Startrek is mostly Plot moving ... very little actual science and very little military aptitude. it would be easiest to refute on a case by case basis.
My fav eps are always the philosophy ones . Inner light, who watches the watchers, all good things, the host! very good one Even the borg eps. Even though ..The borg would be easy to beat o.O
In my mind Data's status is partly because of his unique nature.
In "The Measure of a Man", it is Data (not artificial lifeforms as a whole) that is given equal status, so what he achieves isn't immediately applicable to Lore (Juliana Tainer would be a grey area however, seeing as she doesn't know she's an android). B4 would need a ruling of his own (just because he looked to become Data 2.0 doesn't mean he is Data, his more simplistic manner might mean he is incapable of making the same choices and decisions). B'Elanna states in "Prototype" that Starfleet has lots of robots but only one (Data) has equal status.
It is obviously extremely difficult to build such a complex and advanced android (Data only tries it once, and all of Doctor Soong's earlier versions were a bust) that is capable of achieving sentience--otherwise we'd see at least one on every ship and station in Starfleet. It is this uniqueness that gives Data his own place within the Federation, where he has the same rights as a flesh and blood person.
Holograms are a dime a dozen. Yes there are those who have are sentient so as to perform various tasks and roles (the EMH programmes, Vic Fontaine, Professor Moriarty), but the vast majority are programmed to be characters. Would a ruling on holographic rights apply to all of them (would T'lana from Vulcan Love Slave refuse to participate due to the exploitative nature of the programme) or just those deemed sentient, and what would be the definition of that requirement? And when holograms can be so easily made and manipulated, would that not mean that any and all of them could be upgraded and deemed sentient--which would destroy countless programmes if a character decided not to play their role or wanted another part.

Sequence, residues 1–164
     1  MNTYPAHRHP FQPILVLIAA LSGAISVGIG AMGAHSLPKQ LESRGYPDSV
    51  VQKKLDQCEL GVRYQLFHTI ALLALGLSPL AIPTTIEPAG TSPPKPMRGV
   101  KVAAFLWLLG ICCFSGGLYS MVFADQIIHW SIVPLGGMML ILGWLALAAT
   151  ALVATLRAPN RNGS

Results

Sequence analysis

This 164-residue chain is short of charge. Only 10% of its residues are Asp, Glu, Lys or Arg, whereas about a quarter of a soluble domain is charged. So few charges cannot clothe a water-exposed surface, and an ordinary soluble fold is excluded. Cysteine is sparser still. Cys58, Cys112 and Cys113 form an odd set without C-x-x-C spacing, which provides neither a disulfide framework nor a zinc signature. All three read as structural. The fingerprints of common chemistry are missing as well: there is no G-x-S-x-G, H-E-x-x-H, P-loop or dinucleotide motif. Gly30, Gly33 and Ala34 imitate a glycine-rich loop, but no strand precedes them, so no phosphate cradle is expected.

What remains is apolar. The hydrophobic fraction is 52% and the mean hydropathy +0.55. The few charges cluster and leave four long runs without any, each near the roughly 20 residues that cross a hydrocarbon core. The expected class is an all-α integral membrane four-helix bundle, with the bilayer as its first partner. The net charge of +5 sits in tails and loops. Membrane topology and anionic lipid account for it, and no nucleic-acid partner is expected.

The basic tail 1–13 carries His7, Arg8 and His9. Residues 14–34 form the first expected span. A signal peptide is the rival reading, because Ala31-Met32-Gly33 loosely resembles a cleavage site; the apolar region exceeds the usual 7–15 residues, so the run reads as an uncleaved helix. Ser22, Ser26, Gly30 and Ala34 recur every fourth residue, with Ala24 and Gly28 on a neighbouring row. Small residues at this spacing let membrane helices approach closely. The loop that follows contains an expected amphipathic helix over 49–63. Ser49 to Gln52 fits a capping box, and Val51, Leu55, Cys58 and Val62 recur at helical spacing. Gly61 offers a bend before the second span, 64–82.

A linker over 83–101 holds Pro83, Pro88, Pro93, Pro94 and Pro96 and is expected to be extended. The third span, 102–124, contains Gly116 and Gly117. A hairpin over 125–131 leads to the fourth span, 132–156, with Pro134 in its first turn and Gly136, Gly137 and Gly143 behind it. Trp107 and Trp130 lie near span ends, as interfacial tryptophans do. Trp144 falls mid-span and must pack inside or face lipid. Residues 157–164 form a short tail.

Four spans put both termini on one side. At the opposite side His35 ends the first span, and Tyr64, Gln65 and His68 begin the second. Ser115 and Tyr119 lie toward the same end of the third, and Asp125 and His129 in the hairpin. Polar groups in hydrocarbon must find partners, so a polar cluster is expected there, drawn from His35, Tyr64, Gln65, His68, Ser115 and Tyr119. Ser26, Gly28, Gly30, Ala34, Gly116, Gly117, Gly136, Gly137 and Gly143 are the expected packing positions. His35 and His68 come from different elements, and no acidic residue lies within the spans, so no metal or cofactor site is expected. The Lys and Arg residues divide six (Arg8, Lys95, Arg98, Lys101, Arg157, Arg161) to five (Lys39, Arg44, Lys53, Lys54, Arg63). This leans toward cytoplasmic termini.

What then does that mean for a starship's computer core? Depending on the definition of sentience for holograms, couldn't it be applied to advanced computers? It would never end.
Had it just been the Doctor looking to be recognised as a unique individual, for all he had developed, learnt and experienced, I would be more willing to accept the concept. Though for all holograms just seems ridiculous to me.
But then, that is just how I see things.
It's a valid point that all holograms are not created equal. Instead of "holographic rights," the issue should be one of sentient rights in general, with any sentient being -- whether organic, silicone-based, cybernetic, psionic energy matrix, or whatever -- entitled to the same rights regardless of origin. Although then you do get into the tricky question of how to prove sentience and whether such tests are even ethical (do only AIs have to prove their sentience or should everyone have to?).
After all, strictly speaking, it's a bit inaccurate to refer to the Doctor or Moriarty as "a hologram." Rather, they are AIs that reside inside starship computer mainframes (or inside a mobile emitter or other computer unit) and that use holographic bodies as their interfaces with the physical world. So defining it in terms of the hologram rather than the animating AI is kind of missing the point.
I like you. By the same comparison we could be Higher dimensional AI's or higher dimensional beings ..that reside inside a higher mainframe ..and use organic bodies as interfaces to the physical world too you know
I think religion would call this a soul.
Err... nothing to do with what I was saying, but... okay, if you like.
There's a hypothesis out there -- assuming that computer technology will eventually reach the point where computers can simulate vast numbers of entire universes, the probability that our universe is one such simulation greatly exceeds the probability that it's real, so we would most likely be just computer programs running in a vast software model. Or so the hypothesis claims. Of course, without evidence, it's just as much an article of faith as any religious belief.